The effects and affects described here are common consequences of sin and as such are open to healing through prayer.[5] Jesus charged His disciples to heal the sick, and we are the inheritors of this charge. Just as Jesus trained His disciples by ìuse and practiceî (one of the root meanings of disciple in Greek), those who have learned healing prayer teach it by doing, by explaining what is being done, and by inviting those being discipled to do it as well.
When trained ministers (that is, disciples) pray, the Holy Spirit responds willingly with healing. Even in large group demonstrations, it is not uncommon to see the Holy Spirit touch and heal people profoundly throughout the room, even though the prayer is apparently focused on just the person in front. When invited, the Spirit ìblows where it wishesî (John 3:8), which is often well beyond the expectations of even the trainers. It is eloquent testimony to Godís willingness to heal.
Jesus explained this willingness in this way:
For everyone who asks receives, and he who seeks finds, and to him who knocks it will be opened. If a son asks for bread from any father among you, will he give him a stone? Or if he asks for a fish, will he give him a serpent instead of a fish? Or if he asks for an egg, will he offer him a scorpion? If you then, being evil, know how to give good gifts to your children, how much more will your heavenly Father give the Holy Spirit to those who ask Him![6]
In teaching believers to exercise this gift of healing, it must be made clear that this promise of Jesus is not a spiritual abstraction, but a real event with a real effect in the real physical world.
In some cases, the coming of the Holy Spirit produces physical healing. In others, it frees people in the present from the destructive intrusion of the past into their minds, emotions, and spirit. That is, instead of being disabled by the wounding and damage of the past, they are released from its power and begin new chapters in their lives, free from the bondage that was their constant reality. In time, they often become the most compassionate and willing to pray for the healing of others.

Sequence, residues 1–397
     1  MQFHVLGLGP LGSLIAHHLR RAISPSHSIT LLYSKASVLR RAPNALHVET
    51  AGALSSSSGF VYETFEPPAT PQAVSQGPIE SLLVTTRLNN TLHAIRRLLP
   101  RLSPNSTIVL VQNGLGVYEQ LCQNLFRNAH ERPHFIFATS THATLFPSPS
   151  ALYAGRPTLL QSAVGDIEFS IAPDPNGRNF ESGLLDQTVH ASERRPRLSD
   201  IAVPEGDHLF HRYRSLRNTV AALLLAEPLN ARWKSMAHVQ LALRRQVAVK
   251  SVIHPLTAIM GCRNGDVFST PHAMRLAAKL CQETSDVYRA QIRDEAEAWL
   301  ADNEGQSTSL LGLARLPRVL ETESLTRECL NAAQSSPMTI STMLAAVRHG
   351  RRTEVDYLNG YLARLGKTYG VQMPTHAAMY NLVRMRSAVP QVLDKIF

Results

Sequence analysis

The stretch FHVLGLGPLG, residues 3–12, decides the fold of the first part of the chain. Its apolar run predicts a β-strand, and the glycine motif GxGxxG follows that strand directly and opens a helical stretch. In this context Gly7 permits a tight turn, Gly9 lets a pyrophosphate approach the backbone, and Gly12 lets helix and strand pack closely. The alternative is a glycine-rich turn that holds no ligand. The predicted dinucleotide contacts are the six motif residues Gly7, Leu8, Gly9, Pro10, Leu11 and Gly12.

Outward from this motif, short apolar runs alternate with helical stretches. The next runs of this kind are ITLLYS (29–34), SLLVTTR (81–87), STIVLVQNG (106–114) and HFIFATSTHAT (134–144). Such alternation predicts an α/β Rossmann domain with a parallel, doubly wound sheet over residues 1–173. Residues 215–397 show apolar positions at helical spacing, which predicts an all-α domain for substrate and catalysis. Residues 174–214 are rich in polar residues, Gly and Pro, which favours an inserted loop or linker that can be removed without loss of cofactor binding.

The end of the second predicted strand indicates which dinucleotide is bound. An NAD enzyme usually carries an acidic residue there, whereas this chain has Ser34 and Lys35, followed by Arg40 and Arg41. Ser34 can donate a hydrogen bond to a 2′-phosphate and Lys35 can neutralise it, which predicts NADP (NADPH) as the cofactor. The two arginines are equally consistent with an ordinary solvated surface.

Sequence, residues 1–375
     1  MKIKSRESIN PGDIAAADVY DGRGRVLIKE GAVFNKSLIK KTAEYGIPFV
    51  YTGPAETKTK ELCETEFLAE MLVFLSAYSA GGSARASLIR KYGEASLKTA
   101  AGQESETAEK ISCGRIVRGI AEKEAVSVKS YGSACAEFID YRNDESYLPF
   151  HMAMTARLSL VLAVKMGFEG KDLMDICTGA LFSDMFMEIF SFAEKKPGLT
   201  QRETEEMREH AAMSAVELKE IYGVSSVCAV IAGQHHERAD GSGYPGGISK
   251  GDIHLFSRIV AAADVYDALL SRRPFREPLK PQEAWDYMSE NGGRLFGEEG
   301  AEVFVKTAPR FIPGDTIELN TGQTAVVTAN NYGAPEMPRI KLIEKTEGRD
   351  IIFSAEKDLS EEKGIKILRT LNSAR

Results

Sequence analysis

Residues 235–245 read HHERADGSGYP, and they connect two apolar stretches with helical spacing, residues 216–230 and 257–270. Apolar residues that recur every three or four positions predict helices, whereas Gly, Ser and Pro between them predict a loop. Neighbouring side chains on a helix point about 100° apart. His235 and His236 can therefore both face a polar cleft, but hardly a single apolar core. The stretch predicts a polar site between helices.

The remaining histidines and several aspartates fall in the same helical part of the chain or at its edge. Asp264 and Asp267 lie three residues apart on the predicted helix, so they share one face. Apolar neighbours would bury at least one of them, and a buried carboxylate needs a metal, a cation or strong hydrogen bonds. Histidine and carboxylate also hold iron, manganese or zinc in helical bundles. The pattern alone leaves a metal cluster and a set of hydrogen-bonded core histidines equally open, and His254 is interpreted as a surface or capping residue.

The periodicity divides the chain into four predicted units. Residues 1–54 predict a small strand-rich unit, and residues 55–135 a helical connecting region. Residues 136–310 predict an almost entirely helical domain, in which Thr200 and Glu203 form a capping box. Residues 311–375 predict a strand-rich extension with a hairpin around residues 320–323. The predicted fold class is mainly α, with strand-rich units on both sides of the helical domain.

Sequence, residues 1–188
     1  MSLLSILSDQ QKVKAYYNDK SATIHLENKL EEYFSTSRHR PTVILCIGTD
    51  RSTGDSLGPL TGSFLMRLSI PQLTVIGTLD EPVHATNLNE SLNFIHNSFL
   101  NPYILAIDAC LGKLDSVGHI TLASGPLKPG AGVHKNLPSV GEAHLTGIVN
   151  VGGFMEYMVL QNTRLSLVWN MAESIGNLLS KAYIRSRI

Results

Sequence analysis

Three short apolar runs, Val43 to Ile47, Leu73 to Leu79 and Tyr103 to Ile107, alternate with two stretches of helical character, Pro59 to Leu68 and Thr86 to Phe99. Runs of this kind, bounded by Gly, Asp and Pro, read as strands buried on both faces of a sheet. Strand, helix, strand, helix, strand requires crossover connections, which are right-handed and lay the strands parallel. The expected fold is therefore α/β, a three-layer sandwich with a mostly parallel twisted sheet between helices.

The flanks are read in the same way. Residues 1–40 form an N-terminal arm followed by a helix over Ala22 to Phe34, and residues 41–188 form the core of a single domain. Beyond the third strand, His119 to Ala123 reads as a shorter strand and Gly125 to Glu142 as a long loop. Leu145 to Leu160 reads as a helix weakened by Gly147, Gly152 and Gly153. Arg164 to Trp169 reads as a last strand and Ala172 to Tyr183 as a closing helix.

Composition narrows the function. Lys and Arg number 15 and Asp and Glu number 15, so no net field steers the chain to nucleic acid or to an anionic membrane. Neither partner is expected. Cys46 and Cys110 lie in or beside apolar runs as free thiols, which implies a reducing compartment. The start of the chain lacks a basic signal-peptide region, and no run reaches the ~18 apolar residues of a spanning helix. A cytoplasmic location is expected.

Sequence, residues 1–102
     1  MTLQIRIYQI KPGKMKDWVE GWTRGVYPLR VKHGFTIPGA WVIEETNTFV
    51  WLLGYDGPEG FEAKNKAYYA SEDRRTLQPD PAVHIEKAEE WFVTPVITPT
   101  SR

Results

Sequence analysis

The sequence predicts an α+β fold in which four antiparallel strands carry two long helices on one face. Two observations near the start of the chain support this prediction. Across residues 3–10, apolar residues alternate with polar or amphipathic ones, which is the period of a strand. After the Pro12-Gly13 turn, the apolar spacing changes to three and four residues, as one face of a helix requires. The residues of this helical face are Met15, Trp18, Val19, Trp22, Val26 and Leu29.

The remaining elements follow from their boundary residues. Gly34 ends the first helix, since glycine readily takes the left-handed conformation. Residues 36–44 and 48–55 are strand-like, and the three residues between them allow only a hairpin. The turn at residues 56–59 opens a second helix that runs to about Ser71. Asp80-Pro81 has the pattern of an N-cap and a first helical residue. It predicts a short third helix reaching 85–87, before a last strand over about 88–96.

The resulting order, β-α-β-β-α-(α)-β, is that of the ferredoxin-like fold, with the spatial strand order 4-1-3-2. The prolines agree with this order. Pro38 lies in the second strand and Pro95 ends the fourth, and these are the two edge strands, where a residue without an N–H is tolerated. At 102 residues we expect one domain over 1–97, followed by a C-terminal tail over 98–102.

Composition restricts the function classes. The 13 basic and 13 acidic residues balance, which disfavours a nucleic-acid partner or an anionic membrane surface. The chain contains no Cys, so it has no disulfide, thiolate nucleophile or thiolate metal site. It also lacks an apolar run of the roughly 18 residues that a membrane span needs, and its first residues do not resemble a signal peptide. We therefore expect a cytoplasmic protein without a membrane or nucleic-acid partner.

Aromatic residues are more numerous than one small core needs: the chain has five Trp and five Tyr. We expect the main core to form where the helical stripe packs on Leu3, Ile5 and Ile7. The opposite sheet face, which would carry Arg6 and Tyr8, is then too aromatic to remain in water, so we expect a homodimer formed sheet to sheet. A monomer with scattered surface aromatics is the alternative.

The Holy Spirit directs and empowers this change through healing prayer—prayer that directly seeks the Spiritís intervention in peopleís lives for the healing of the effects of the sins committed against them by others and by themselves, as well as for their ongoing sanctification. Thus, the basic assumptions of training in healing prayer are:
      Sinís victims need healing.
      Healing is repair and recovery from wounding, not forgiveness from sin.
      Through the Holy Spirit, Jesus empowered His followers to be healers.
With this foundation laid, the hypothesis of this book can be asserted clearly and with confidence: By the power of the Holy Spirit, victims of sin can be healed, and believers in the body of Christ can be trained to be the agents of this healing.
Of course, the victims of sin are not just the badly wounded, nor are most of the elements of healing prayer specific to the needs of the most wounded. The foundational aspects of healing prayer are broadly applicable.
All of us, including those badly sinned against, are sinners, and the ministry of healing does not seek to minimize or ignore this. In fact, healing the damage of sin done to us sometimes begins with our receiving forgiveness for the damage of sin we ourselves have caused. But often this is not true, and healing for the victims of sin has specific characteristics, dimensions, and requirements that are often unknown or ignored by the church. Perhaps this is why the profoundly wounded are more likely to seek out opportunities for healing prayer and attend teaching on the subject than those who are less obviously wounded.
In healing prayer, the Holy Spirit is invited to work in the prayer ministers and in the victim, both to lead to forgiveness of others and to the healing of the damage done to the victim. This prayer is appropriate for anyone, since all are sinned against, just as all are sinners, but it brings particular satisfaction and joy when those who have been badly hurt are healed. As the healing unfolds, even the people once regarded as peculiar by an often cruel culture and church are revealed to be Godís ìpeculiarî people in the sense intended by the King James Bible, which uses peculiar to translate the Hebrew word meaning treasure, jewel, or valued property:
Thou art an holy people unto the Lord thy God, and the Lord hath chosen thee to be a peculiar[7] people unto himself, above all the nations that are upon the earth.[8]